The politics of zombies

I recently became aware that some people are supporting Zombie Reagan as a presidential candidate in the 2008 election. Their Reagan nostalgia is understandable, but the idea is doomed to failure.
Most people don’t know this, but zombies are not eligible for the office of President. After the constitutional crisis of 1945 (in which Zombie Roosevelt challenged the succession of Harry Truman), the Constitution was amended to specifically prohibit undead Presidents. The amendment has been the focus of continued debate among constitutional scholars, some of whom have suggested that a zombie would have been preferable to certain postwar Presidents. But no proposal to modify the prohibition has gained sufficient support in Congress. This is is probably because undead politicians prefer to pursue careers in the Senate (which has no ban on zombies and no term limit), and would rather not call attention to the issue. Strom Thurmond, Robert Byrd, and Ted Stevens have all reportedly used their influence to ensure that any zombie-related bills die in committee.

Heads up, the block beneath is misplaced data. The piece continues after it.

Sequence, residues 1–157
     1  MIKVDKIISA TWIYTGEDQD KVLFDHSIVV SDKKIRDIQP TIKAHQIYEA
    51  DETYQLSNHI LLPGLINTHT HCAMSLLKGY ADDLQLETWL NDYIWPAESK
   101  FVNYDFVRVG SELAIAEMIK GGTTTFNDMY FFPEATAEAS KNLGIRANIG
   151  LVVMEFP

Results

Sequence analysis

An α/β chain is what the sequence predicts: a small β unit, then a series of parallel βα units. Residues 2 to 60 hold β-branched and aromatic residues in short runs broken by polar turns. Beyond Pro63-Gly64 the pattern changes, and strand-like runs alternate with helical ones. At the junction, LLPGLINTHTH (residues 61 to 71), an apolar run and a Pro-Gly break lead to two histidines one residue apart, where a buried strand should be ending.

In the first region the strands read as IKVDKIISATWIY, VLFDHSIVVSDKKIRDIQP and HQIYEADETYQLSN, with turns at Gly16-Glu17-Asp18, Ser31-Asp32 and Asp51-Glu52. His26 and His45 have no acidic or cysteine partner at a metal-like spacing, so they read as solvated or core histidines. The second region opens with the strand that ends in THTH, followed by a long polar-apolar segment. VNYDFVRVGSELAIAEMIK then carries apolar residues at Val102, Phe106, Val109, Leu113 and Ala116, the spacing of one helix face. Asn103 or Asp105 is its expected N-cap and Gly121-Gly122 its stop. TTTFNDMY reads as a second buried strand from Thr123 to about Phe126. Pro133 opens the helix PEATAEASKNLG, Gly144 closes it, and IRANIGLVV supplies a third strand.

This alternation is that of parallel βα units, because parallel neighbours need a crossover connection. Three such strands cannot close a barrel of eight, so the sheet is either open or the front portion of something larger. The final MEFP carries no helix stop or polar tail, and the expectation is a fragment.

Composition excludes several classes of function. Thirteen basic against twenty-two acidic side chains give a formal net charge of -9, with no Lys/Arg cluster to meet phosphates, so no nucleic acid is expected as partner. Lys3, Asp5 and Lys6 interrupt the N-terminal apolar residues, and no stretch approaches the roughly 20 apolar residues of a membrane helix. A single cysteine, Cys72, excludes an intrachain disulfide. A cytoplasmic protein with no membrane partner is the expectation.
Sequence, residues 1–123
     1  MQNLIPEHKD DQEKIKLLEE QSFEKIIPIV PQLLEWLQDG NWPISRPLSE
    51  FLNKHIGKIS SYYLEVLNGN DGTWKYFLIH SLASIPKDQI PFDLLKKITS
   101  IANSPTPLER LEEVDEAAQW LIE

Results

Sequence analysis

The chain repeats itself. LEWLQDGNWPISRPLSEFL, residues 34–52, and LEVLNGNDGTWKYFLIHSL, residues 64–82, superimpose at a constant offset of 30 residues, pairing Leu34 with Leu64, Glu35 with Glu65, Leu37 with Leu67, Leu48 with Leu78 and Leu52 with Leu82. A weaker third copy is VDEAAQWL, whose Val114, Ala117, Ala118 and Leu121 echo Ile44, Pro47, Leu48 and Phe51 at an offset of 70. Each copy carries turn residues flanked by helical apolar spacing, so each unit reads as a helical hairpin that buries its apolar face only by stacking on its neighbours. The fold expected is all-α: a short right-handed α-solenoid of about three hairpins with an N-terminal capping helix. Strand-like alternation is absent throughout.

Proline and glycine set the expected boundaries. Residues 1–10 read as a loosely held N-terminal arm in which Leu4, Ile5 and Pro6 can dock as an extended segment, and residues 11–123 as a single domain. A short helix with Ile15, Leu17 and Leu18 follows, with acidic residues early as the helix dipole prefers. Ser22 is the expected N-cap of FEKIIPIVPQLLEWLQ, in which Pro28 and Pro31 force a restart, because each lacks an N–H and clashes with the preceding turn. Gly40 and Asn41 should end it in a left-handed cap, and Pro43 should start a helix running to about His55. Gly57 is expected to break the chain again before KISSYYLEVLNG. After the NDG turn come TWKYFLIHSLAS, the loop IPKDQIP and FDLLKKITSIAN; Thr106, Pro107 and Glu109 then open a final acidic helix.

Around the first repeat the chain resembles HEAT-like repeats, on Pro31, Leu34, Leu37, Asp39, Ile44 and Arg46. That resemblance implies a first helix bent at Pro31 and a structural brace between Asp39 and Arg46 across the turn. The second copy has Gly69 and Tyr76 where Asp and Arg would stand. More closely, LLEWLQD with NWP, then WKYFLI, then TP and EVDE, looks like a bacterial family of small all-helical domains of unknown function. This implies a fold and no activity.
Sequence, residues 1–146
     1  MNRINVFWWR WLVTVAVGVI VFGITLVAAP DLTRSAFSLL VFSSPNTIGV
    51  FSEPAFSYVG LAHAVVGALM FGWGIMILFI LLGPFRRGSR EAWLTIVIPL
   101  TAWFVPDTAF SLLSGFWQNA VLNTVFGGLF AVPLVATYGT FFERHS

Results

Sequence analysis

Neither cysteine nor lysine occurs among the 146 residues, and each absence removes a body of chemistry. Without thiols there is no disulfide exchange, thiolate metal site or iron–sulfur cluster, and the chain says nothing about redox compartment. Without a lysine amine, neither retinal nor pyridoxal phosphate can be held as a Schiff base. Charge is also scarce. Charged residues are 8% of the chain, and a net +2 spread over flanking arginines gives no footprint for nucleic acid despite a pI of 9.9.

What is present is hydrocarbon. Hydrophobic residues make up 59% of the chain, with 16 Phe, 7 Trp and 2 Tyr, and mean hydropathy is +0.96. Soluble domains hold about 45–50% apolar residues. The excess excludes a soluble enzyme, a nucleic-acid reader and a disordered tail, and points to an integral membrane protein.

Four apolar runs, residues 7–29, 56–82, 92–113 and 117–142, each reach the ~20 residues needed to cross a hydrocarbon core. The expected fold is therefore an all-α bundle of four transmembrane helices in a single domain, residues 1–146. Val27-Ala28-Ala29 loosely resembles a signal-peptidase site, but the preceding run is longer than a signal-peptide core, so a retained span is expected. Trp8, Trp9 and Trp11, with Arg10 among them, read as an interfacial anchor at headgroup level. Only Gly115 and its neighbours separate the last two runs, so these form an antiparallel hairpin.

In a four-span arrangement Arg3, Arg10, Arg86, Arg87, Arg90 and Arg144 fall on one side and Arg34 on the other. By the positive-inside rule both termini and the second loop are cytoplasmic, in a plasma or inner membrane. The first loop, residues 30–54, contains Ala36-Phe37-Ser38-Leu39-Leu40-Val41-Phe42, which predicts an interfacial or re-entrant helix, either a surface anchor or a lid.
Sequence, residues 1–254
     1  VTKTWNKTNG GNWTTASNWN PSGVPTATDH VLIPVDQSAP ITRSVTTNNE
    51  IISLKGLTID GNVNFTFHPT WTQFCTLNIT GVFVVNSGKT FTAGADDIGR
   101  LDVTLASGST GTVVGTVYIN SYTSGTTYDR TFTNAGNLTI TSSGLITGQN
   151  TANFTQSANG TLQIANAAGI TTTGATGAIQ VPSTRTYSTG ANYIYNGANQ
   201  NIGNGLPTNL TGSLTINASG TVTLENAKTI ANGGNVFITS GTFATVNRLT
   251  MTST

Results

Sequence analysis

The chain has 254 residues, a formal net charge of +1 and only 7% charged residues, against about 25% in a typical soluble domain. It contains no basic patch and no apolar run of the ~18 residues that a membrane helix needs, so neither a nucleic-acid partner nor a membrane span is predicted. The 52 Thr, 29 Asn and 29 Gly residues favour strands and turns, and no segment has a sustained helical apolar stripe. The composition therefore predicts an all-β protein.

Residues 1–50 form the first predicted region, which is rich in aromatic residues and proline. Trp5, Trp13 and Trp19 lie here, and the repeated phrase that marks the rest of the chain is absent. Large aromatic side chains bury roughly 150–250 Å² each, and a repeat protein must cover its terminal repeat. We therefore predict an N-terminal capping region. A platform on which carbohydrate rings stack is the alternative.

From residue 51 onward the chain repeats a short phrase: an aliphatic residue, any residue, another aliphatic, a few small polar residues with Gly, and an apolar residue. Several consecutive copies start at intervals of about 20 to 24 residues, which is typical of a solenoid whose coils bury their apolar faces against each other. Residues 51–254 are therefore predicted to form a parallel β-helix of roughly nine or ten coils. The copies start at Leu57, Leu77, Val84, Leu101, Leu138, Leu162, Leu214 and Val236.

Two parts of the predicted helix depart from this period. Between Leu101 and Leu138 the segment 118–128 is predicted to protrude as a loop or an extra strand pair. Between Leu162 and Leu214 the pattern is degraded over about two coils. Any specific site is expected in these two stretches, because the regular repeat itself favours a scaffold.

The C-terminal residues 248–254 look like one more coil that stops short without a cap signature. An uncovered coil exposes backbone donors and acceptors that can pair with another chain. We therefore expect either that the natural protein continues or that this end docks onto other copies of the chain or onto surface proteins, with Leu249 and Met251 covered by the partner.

Some students of Futurama have suggested that the repeal of the no-zombie-Presidents rule is inevitable, citing the victory of Richard Nixon’s head in the 3000 election. Critics have countered that Nixon’s head was elected President of the United States of Earth, not the USA. And it remains unclear whether a severed head kept alive in a jar meets the legal definition of “undead”. The question will probably have to be settled by the Supreme Court, and we won’t know whether this has happened until new episodes of Futurama are produced.

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